The board should keep this Hudson case in mind when determining whether the business to be transacted specifically falls within the exceptions outlined in § 610.025. The board should note that the court in Hudson narrowly construed the exception in § 610.025.4. This indicates that the courts will strictly hold governmental bodies to the specific exempted areas and will not except from the open requirement that business not directly concerning exempted subject matter. The case is also significant in its warning that the fact that some business may fall within § 610.025, does not warrant the closing of an entire meeting where nonexempt business is discussed. The board should be careful to limit discussion in a closed meeting to those subjects which specifically fall within § 610.025.

    When it is determined that particular business to be handled by the board falls within one of the excepted subject matter areas under § 610.025, it appears that in moving into a "closed" meeting, the board must consider the decision to close the meeting as the transaction of business, and must therefore follow the procedural rules for transacting business in closing the meeting. This is to say that a motion should be made to close the meeting based on the determination that the subject matter to be discussed or acted upon falls within an exception under § 610.025. The movant should state the general nature of business to be discussed and the justification for closing the meeting. The motion need not reveal the nature of the business to the extent that the necessity for closing is lost; however, it should apprise the public of the nature of the business so that the public will have a basis upon which to judge whether the board is acting lawfully in closing the meeting. The motion should be seconded and duly passed before the meeting is closed. This procedure is not specifically called for in Chapter 610; however, it would appear to go without saying that since the ability to close the meeting under § 610.025 is permissive rather than mandatory, the majority of the board required to transact business or make decisions must decide that they wish the meeting closed. This means that in closing a meeting, the board must always first meet in open session to vote to close the meeting. This procedure not only recognizes that the board should duly vote to decide that the nature of the subject matter warrants a closing, it further recognizes that the public has a right to know that the board has voted to close, and the reason stated for the closing.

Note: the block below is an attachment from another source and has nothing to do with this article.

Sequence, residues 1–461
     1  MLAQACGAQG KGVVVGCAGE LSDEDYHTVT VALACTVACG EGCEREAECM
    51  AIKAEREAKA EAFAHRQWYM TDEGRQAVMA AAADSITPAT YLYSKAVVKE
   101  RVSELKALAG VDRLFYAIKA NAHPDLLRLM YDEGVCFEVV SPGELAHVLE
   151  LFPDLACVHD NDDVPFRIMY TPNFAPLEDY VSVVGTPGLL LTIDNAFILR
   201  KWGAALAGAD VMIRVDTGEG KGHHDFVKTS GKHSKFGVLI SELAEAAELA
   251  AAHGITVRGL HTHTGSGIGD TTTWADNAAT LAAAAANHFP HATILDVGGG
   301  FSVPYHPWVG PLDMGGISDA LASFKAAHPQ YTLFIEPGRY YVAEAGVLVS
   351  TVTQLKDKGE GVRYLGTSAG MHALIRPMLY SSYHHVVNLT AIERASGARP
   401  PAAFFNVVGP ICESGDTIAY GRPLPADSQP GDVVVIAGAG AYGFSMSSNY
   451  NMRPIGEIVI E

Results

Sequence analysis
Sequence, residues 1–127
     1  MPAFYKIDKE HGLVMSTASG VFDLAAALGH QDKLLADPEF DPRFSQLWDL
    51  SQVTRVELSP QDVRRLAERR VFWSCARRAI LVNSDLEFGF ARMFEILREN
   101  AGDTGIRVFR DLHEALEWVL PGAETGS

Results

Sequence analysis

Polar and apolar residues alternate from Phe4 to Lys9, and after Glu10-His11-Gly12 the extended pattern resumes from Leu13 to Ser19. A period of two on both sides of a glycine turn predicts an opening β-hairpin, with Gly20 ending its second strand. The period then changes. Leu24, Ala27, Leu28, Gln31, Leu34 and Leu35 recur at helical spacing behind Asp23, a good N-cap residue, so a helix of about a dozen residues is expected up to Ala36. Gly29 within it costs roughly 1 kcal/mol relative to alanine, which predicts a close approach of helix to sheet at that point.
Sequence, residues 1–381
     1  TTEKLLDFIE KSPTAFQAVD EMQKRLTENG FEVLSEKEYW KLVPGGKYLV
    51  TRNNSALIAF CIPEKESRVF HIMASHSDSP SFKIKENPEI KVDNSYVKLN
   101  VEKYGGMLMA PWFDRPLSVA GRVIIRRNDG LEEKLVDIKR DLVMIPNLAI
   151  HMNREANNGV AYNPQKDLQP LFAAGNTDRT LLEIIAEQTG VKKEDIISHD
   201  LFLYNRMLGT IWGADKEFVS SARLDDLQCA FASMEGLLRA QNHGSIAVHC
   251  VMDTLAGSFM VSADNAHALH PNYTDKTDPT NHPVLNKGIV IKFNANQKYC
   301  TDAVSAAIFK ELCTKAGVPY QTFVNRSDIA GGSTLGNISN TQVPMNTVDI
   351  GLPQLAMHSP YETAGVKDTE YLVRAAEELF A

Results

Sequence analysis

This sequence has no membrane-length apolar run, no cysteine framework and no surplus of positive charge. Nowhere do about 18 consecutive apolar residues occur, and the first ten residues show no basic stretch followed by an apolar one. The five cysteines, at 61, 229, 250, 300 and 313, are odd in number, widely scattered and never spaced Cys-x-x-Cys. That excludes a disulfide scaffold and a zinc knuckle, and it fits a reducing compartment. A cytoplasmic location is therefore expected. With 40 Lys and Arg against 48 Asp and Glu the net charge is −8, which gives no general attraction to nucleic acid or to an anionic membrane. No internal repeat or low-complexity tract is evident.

It should be noted that this requirement of meeting in open session to close the meeting should be followed even where the subject matter of all the business to be transacted is such that the entire meeting can justifiably be closed and the public present only for the vote to close the meeting. There is one question raised with regard to this requirement which should be discussed. If an open meeting is held and a vote duly taken to hold a closed meeting due to the subject matter to be discussed or business transacted, must the closed meeting be held at that time or upon another publicized time and place, or can a body in an open meeting vote to close the meeting and hold that closed meeting at an undisclosed and unpublicized time and place in the future? In answering this question one must examine the requirements of § 610.020, RSMo. That section provides that the governmental body notify the public of all "special public meetings." Does this requirement preclude the body holding a publicized open meeting from voting that particular subject matter justifies the closing of a meeting and from holding that meeting at some future date which may be unannounced or unpublicized? It would appear that such is not precluded by § 610.020, RSMo, for that section requires notice of a "special public meeting." "Public meeting" is defined under § 610.010(3), RSMo as ". . . any meeting, formal or informal, regular or special, of any public governmental body, at which any public business is discussed, decided or public policy formulated; . . ." While this definition appears to encompass all, it should be noted that "closed meeting" is also defined under § 610.010(1), RSMo, as ". . . any meeting . . . closed to the public . . ." Therefore, if the subject matter to be discussed is such that a meeting may be closed under § 610.025, RSMo, and a vote to close is duly taken in an open, publicized meeting, the meeting is a "closed meeting" rather than a "public meeting," and the notice required in §610.020, RSMo, would not control. The important act would appear to be the vote to close conducted in an open publicized meeting, rather than notice of a "closed" meeting. Once this open vote has occurred with opportunity for the public to be aware of the vote to close and the reasons therefore, the chapter does not appear to preclude the holding of the meeting at some point in the future that is not disclosed.